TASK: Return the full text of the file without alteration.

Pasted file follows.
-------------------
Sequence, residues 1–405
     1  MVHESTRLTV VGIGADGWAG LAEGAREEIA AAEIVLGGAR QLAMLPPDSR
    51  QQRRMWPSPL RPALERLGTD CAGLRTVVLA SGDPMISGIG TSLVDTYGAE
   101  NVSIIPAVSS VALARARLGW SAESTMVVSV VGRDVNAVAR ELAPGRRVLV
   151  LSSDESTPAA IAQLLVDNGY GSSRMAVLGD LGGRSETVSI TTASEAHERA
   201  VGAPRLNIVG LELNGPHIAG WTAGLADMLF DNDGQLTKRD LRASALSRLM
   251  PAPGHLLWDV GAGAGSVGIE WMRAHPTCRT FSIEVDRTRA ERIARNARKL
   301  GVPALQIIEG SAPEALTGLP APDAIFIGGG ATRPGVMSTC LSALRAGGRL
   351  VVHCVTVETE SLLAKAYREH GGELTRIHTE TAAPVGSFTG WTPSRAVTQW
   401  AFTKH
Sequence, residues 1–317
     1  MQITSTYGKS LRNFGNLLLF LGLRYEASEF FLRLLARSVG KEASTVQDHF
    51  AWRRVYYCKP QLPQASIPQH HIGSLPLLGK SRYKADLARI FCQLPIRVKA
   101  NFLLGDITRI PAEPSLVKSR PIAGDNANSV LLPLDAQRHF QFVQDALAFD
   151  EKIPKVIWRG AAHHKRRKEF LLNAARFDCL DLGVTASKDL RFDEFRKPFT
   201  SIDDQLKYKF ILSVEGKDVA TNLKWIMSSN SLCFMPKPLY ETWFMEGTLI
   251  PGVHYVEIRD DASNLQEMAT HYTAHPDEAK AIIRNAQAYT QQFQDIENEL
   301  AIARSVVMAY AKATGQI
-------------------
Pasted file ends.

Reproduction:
Sequence, residues 1–405
     1  MVHESTRLTV VGIGADGWAG LAEGAREEIA AAEIVLGGAR QLAMLPPDSR
    51  QQRRMWPSPL RPALERLGTD CAGLRTVVLA SGDPMISGIG TSLVDTYGAE
   101  NVSIIPAVSS VALARARLGW SAESTMVVSV VGRDVNAVAR ELAPGRRVLV
   151  LSSDESTPAA IAQLLVDNGY GSSRMAVLGD LGGRSETVSI TTASEAHERA
   201  VGAPRLNIVG LELNGPHIAG WTAGLADMLF DNDGQLTKRD LRASALSRLM
   251  PAPGHLLWDV GAGAGSVGIE WMRAHPTCRT FSIEVDRTRA ERIARNARKL
   301  GVPALQIIEG SAPEALTGLP APDAIFIGGG ATRPGVMSTC LSALRAGGRL
   351  VVHCVTVETE SLLAKAYREH GGELTRIHTE TAAPVGSFTG WTPSRAVTQW
   401  AFTKH
Sequence, residues 1–317
     1  MQITSTYGKS LRNFGNLLLF LGLRYEASEF FLRLLARSVG KEASTVQDHF
    51  AWRRVYYCKP QLPQASIPQH HIGSLPLLGK SRYKADLARI FCQLPIRVKA
   101  NFLLGDITRI PAEPSLVKSR PIAGDNANSV LLPLDAQRHF QFVQDALAFD
   151  EKIPKVIWRG AAHHKRRKEF LLNAARFDCL DLGVTASKDL RFDEFRKPFT
   201  SIDDQLKYKF ILSVEGKDVA TNLKWIMSSN SLCFMPKPLY ETWFMEGTLI
   251  PGVHYVEIRD DASNLQEMAT HYTAHPDEAK AIIRNAQAYT QQFQDIENEL
   301  AIARSVVMAY AKATGQI